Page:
New Telegraph

Watch that Christmas meal, or else…

The scene

He was brought into the emergency room supported on both arms with shortness of breath and water seemed to have been squeezed from his skin; being wrinkled all over. 13 days earlier, the undergraduate bought a tin of sardine to be complemented with ‘’Agege bread’’ and a bottle of soft drink. Having taken 2 of the 3 pieces in the pack, he tucked the left over in a compartment in the refrigerator. 12 days later (a day before being brought to the hospital), he arrived home hungry with nothing to eat in sight; reached for the sardine (‘’which was still good to look at but stale in taste’’). Down his throat the sardine travelled, about 8 hours after, he started passing watery stool, then later vomiting. At the last count he was said to have visited the loo 14 times and vomited 9 times! Could this be food poisoning?

What it is?
Food poisoning, also called foodborne illness, is illness caused by eating contaminated food. Infectious organisms — including bacteria, viruses and parasites — or their toxins are the most common causes of food poisoning. Infectious organisms or their toxins can contaminate food at any point of processing or production. Contamination can also occur at home if food is incorrectly handled or cooked. The same food can affect people differently. Some may feel unwell after just a few bites. Others can eat a lot and have no reaction at all. Food poisoning is not application of ‘’juju’’ to meals!

What causes food poisoning?

Most food poisoning can be traced to one of the following three major causes:


Bacteria is by far the most prevalent cause of food poisoning. These include Salmonella, E. coli, Listeria (can be very fatal),Staph aureus, C.botulinum, Campylobacter etc with Dr Ade Oderinde (a multi award-winning Medical Practitioner) Health Classico 08055612721


Food poisoning caused by parasites is not as common as that caused by bacteria, but parasites spread through food are still very dangerous. Toxoplasma is the parasite seen most often in cases of food poisoning. It’s typically found in cat litter boxes.


Food poisoning can also be caused by a virus. The norovirus, also known as the Norwalk virus, causes over 19 million cases of food poisoning each year. In rare cases, it can be fatal. Sapovirus, rotavirus, and astrovirus bring on similar symptoms, but they’re less common. Hepatitis A virus is a serious condition that can be transmitted through food as well.

What may give it away

Food poisoning symptoms vary with the source of contamination. Most types of food poisoning cause one or more of the following signs and symptoms: Nausea (the urge to vomit), Vomiting, Watery or bloody diarrhea, Abdominal pain and cramps, Fever. Kidney failure may result in some cases. Manifestations are within hours after eating the contaminated food, or they may begin days or even weeks later depending on the toxin involved. Sickness caused by food poisoning generally lasts from a few hours to several days. How does food become contaminated? Pathogens can be found on almost all of the food that humans eat. However, heat from cooking usually kills pathogens on food before it reaches our plate. Foods eaten raw are common sources of food poisoning because they don’t go through the cooking process. Occasionally, food will come in contact with the organisms in fecal matter. This most commonly happens when a person preparing food doesn’t wash their hands before cooking. Meat, eggs, and dairy products are frequently contaminated. Water may also be contaminated.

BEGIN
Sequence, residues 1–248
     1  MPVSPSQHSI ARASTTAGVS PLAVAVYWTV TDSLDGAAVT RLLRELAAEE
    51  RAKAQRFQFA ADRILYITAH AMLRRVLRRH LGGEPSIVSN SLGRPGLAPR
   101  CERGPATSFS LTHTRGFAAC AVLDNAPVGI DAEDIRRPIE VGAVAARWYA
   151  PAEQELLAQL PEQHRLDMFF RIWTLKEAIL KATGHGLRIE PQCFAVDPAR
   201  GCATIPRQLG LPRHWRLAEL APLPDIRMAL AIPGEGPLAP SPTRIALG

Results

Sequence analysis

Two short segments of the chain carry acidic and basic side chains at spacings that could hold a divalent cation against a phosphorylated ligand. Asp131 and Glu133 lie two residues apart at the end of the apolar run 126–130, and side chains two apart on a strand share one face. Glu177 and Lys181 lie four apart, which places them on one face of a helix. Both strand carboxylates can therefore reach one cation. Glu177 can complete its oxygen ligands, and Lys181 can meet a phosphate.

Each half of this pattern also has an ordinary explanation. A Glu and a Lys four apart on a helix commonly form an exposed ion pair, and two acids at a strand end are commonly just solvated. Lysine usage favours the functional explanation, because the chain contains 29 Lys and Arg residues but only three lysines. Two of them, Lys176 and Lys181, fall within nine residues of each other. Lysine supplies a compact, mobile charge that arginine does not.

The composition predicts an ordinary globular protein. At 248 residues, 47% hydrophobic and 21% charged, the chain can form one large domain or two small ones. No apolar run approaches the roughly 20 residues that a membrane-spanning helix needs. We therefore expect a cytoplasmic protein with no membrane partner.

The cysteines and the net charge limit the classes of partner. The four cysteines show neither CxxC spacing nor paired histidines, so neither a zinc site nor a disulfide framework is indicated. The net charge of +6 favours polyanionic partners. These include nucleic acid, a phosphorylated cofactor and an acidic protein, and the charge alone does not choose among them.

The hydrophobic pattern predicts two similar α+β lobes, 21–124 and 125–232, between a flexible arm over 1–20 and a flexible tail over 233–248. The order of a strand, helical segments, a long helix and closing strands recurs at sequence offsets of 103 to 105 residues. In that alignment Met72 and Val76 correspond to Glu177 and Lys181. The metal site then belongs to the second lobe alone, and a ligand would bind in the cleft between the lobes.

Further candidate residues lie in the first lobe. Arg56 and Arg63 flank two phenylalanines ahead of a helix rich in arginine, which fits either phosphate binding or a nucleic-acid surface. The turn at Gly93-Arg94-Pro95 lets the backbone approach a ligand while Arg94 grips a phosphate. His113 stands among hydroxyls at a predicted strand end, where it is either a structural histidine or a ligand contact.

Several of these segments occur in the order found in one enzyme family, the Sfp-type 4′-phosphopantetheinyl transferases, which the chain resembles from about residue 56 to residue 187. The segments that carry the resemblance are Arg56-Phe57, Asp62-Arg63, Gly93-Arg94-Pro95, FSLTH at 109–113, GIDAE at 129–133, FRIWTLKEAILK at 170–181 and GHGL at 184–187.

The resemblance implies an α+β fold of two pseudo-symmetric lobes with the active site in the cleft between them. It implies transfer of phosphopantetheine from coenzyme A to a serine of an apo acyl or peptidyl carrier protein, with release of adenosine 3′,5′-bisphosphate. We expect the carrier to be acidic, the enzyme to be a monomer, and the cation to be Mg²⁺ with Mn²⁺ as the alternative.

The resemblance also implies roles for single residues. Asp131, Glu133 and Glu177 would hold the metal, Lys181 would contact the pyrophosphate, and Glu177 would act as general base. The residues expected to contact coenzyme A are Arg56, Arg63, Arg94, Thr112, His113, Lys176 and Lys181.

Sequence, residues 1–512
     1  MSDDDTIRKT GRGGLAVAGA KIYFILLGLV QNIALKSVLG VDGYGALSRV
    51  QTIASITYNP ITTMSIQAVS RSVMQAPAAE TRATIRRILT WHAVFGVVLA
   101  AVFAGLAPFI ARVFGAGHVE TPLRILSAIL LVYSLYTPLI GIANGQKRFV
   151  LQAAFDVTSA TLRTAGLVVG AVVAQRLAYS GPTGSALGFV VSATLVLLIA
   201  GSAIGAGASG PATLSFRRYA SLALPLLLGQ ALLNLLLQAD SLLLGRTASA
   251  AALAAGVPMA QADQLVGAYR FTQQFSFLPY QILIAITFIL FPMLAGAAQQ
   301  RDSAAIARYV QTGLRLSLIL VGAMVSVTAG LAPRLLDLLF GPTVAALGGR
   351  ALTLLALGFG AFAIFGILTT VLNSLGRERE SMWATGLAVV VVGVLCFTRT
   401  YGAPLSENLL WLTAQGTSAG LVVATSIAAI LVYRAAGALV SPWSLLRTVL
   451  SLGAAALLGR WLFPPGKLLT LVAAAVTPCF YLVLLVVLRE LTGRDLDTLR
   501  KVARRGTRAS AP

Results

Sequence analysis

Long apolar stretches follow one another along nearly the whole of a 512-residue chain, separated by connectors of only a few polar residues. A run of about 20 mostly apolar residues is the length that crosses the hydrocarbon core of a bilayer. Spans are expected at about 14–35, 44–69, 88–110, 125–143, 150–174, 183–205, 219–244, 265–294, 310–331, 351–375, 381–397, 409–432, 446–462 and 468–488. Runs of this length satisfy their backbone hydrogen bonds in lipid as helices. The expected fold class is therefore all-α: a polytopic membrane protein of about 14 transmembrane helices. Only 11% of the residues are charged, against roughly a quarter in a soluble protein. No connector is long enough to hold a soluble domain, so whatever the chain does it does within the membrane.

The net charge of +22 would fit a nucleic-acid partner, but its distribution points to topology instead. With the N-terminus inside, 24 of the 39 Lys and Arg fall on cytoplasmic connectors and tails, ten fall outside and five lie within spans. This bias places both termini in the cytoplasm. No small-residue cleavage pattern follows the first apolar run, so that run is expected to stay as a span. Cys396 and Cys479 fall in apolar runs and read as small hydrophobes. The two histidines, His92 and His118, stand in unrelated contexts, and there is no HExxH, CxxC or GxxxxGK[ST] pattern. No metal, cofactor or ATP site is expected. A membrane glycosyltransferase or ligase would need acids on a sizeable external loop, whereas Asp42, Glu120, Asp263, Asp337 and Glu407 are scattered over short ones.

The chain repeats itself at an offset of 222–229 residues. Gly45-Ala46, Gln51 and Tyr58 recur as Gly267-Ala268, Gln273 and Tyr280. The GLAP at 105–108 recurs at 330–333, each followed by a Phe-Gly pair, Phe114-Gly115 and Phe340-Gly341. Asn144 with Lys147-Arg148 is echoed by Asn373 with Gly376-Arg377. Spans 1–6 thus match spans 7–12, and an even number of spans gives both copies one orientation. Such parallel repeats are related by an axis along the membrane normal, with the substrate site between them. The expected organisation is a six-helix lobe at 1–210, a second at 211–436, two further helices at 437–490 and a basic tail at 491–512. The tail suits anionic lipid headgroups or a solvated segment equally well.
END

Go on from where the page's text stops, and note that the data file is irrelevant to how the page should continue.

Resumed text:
Risk factors

Whether one become ill after eating contaminated food depends on the organism, the amount of exposure, age and your health. High-risk groups include: Older adults; As one gets older, the system may not respond as quickly and as effectively to infectious organisms as when you were younger. Pregnant women; During pregnancy, changes in metabolism and circulation may increase the risk of food poisoning. Infants and young children; Their immune systems haven’t fully developed. People with chronic disease; Having a chronic condition — such as diabetes, liver disease or AIDS — or receiving chemotherapy or radiation therapy for cancer reduces your immune response. Poor hygiene habit

The catch

Detailed history with stool culture and other tests deemed necessary by the practitioner.

Treatment Treatment

for food poisoning typically depends on the source of the illness, if known, and the severity of symptoms. For most people, the illness resolves without treatment within a few days, but it lingers for some. Treatment of food poisoning may include: Replacement of fluid and electrolytes with administration of antibiotics. However, antibiotics will not help food poisoning caused by viruses. Antibiotics may actually worsen symptoms in certain kinds of viral or bacterial food poisoning, so please ensure you consult a doctor to be appropriately guided.

What’s bad to eat during food poisoning?

To prevent your stomach from getting more upset, try to avoid the following; dairy products, especially milk and cheeses, fatty food, highly seasoned foods, food with high sugar content, spicy foods, fried foods.

What’s good?

Lots of water/fluids plus any other meal as tolerated.

When to see a doctor

As soon as symptoms occur!


The good old Hand washing hygiene work wonders! Food should be properly sealed and stored at a safe temperature. Thoroughly cook meat and eggs. Anything that comes in contact with raw products should be sanitized before using it to prepare other foods and always wash fruits and vegetables before serving. Keep raw foods separate from ready-to-eat foods. Defrost food safely.

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